Ab345 wrote:IMHO Boeing has 3 things going for them right now:
*A higher production rate that allows them to secure future deliveries . (Clearing of the backlog is helping a lot)
*Better pricing than past 787 campaigns
*Seizing the opportunity of the change of leadership at Airbus. Leahy out of the way is a big plus for them.
After having their "guns" full and ready to shoot, they found the easiest targets (AA was not difficult to secure, HA feeling awkward as the sole 338 customer) and secured the deals. Congrats to them and well done. Both companies have amazing planes on offer and as always some you loose, some you win. Personally I don't believe D7 is that easy to flip, would sure make huge headlines (and huge bonuses to the Boeing guy that secures that) but as others before have stated, the A359 was an oddball in the current fleet plans. The 251t A339 should be the best option for them.
D7/AirAsiaX won't be easy to flip. But not impossible. Both vendors will have to earn this order. By my estimation, Boeing will have to discount an extra $1.5 million per aircraft to overcome the advantage of already flying A330s.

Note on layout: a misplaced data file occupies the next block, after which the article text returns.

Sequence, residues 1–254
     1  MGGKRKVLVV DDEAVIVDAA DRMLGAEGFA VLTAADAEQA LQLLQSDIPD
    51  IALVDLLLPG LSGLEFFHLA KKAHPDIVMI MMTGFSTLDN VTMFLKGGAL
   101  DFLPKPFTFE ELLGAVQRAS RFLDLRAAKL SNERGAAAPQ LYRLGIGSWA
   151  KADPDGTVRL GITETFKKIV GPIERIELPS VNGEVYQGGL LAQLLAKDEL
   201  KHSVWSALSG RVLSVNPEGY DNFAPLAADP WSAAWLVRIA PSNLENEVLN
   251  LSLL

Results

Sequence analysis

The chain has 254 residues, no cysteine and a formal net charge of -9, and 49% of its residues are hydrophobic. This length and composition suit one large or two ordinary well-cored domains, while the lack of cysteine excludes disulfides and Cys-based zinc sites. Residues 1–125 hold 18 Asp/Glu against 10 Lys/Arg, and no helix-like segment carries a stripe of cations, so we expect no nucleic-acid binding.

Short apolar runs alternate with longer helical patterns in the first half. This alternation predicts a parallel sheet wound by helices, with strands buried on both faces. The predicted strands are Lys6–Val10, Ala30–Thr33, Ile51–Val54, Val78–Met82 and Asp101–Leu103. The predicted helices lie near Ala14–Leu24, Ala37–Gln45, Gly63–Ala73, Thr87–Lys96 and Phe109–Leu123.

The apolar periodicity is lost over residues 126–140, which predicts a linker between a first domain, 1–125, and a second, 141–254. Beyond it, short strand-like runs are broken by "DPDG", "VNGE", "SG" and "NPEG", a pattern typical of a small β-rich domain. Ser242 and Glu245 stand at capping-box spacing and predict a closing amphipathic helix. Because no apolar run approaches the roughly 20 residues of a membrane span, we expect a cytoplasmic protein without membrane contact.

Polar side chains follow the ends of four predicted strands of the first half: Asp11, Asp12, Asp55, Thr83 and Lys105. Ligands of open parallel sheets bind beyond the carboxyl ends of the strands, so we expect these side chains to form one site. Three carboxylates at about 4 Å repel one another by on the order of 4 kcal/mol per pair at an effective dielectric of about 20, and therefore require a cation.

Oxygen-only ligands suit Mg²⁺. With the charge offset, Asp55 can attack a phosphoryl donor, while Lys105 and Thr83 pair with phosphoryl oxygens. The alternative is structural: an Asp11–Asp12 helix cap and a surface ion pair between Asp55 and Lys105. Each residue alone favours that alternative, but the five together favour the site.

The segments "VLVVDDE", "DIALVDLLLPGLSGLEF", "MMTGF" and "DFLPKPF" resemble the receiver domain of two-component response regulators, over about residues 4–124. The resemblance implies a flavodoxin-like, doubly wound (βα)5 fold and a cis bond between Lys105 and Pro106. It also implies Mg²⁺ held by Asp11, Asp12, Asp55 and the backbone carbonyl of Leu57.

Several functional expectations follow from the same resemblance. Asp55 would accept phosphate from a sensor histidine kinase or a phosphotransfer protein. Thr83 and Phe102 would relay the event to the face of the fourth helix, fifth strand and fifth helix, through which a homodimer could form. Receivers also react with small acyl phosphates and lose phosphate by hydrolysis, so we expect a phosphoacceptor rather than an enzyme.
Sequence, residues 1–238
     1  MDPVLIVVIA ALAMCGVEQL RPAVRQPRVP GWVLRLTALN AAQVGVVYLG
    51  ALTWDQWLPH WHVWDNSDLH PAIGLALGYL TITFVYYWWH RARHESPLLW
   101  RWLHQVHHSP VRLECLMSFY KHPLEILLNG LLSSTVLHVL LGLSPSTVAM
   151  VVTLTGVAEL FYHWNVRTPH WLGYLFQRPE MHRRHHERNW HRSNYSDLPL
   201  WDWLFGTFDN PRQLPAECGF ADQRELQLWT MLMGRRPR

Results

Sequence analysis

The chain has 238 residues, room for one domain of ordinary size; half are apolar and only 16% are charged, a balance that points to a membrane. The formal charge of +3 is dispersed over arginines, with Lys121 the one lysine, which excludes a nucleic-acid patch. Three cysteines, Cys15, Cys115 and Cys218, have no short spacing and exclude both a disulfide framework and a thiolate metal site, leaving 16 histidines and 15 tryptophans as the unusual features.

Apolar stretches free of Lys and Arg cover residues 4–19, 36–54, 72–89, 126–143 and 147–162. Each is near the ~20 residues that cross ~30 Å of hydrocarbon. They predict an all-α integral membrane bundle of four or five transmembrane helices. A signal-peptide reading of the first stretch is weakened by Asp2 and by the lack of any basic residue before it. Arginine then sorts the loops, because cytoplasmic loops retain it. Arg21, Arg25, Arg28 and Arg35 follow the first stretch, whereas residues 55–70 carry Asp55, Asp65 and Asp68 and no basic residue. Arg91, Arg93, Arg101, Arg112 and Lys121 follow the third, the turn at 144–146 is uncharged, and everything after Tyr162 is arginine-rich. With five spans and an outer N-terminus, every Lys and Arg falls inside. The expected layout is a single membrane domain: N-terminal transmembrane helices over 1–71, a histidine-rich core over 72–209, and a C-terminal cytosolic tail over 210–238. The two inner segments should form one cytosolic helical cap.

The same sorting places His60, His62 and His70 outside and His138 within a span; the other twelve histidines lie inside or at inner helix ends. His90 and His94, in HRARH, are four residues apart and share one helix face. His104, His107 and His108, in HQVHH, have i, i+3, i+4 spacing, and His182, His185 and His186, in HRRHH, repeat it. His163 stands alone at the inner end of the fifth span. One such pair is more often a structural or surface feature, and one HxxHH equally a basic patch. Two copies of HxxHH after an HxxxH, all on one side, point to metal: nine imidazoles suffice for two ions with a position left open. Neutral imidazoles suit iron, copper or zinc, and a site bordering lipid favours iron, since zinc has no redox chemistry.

The advantage to Boeing of winning this order is:
1. More aircraft sold to pay off 787 development costs.
2. Ruins the A330NEO financing market.
I do not believe Boeing will bid at a loss. I also do not believe A330NEO launch pricing is as good as today's price.
Airbus is late delivering and that opens up contract escape clauses.
Both vendors will have to win this order. Considering how agressive GE has been, that could be the tipping factor.
Either side could win this decision. AirAsiaX cannot lose rebidding this order. All terms are up for negotiation. Let us see how this goes.
But as far as I can tell, Boeing has substantially reduced the production cost difference between the 789 and A339. Boeing has removed the delivery timeline advantage of the A339. So today's bid is under different terms than the launch bid.